CIT 594 Requirements and Resources
Spring 2008, David Matuszek

Hardware

Although it is possible to do all your homework on the CS department computers, it is much easier if you have your own computer.

Nearly any computer that runs Windows or Linux will do fine. If you use a Macintosh, you should have one that supports Mac OS X 10.4.2 or later; basically, a G3 or better with Firewire: See http://www.apple.com/macosx/upgrade/requirements.html for specific hardware requirements.

Java 5 or 6

CIT 594 is taught in the Java language. You must already be a Java programmer before taking CIT594; Java is too complex to just "pick up" as you go. Java 6 is recommended, but if you are running Mac OS X earlier than 10.5 ("Leopard"), Java 5 will suffice.

You will need the Java 6 JDK (Java Development Kit). Java 1.6 is exactly the same as Java 6, so don't be confused by the inconsistent numbering. Note that the JDK download includes the JRE (Java Runtime Environment).

Download and install the Java API (that is, the documentation) at the same time, from the same page. 

Some assignments will require Swing GUIs. For this, download the SwingExamples program from http://www.cis.upenn.edu/~matuszek/General/SwingExamples.jar. (If you have Java installed correctly, you can run this program just by double-clicking it.) This program provides sample code for the most commonly used Swing features.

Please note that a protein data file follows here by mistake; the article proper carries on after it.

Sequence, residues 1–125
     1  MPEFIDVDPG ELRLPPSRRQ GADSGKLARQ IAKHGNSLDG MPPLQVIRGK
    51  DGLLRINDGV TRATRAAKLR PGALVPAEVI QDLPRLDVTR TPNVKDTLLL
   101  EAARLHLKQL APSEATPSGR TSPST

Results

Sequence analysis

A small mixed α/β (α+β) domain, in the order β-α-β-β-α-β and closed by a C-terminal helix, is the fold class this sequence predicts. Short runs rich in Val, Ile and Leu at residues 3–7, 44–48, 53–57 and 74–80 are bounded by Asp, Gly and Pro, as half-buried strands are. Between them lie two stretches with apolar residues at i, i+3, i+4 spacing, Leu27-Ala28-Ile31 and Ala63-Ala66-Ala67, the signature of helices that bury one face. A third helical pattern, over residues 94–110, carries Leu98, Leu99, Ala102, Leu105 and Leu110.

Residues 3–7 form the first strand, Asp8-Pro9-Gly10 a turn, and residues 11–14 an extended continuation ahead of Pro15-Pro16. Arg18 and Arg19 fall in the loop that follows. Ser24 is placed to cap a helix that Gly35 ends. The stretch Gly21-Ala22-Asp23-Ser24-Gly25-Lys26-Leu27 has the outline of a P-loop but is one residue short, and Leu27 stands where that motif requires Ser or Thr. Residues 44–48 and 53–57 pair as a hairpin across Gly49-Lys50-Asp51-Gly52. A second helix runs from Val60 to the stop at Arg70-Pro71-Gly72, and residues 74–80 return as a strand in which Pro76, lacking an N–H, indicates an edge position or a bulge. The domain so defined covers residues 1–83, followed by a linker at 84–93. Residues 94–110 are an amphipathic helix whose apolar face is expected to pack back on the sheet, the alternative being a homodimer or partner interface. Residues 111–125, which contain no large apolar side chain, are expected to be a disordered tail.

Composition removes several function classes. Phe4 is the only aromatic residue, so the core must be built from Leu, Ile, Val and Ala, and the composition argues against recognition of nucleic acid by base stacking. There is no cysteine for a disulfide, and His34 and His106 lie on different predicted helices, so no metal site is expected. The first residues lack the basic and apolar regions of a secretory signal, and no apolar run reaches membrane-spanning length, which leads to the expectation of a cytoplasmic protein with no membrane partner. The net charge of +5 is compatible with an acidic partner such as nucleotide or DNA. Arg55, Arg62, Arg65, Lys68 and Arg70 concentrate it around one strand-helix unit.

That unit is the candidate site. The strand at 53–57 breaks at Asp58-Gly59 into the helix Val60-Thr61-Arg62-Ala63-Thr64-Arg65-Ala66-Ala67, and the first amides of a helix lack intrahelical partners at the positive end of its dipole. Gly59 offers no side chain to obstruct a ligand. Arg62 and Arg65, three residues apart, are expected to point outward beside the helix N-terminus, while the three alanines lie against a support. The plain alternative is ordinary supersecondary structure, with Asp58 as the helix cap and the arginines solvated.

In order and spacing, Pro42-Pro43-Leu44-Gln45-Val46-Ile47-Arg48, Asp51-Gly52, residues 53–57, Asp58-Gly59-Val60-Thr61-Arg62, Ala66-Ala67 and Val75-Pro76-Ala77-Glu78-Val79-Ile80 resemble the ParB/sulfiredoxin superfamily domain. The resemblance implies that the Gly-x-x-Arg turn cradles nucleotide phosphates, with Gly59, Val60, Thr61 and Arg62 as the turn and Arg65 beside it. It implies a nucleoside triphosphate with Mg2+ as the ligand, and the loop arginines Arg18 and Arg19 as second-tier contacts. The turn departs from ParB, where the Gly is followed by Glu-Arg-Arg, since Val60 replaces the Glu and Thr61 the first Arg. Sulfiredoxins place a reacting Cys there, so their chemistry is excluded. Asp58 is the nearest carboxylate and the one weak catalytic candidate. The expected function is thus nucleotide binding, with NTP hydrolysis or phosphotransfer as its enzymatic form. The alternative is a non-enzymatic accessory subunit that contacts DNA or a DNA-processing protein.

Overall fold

NetBeans 6.0

We will be using the NetBeans 6.0 IDE, available as described above. If you are using a Macintosh, NetBeans is available separately from http://www.netbeans.org/downloads/.

There is a short tutorial on using NetBeans at http://www.netbeans.org/kb/60/java/quickstart.html, but if you are familiar with Eclipse, you hardly need it--the two IDEs are very similar.

We will be using NetBeans rather than Eclipse because it has some profiling capabilities that Eclipse lacks.

JUnit

JUnit is a framework for testing your programs. JUnit 3.8.1 was used extensively in CIT591; in CIT594, we will be moving to JUnit 4. The software itself is easy to learn, but it takes some discipline to use it properly--you really should write the JUnit tests before you write the code that is to be tested. This is a difficult thing for some programmers to get used to.

If you are unfamiliar with JUnit, read Test Infected: Programmers Love Writing Tests at http://junit.sourceforge.net/doc/testinfected/testing.htm.

The above article still uses JUnit 3, but is an important introduction to why JUnit is important. For more up-to-date technical details, see the following two articles:

JUnit Cookbook at http://junit.sourceforge.net/doc/cookbook/cookbook.htm
JUnit Reloaded at http://today.java.net/pub/a/today/2006/12/07/junit-reloaded.html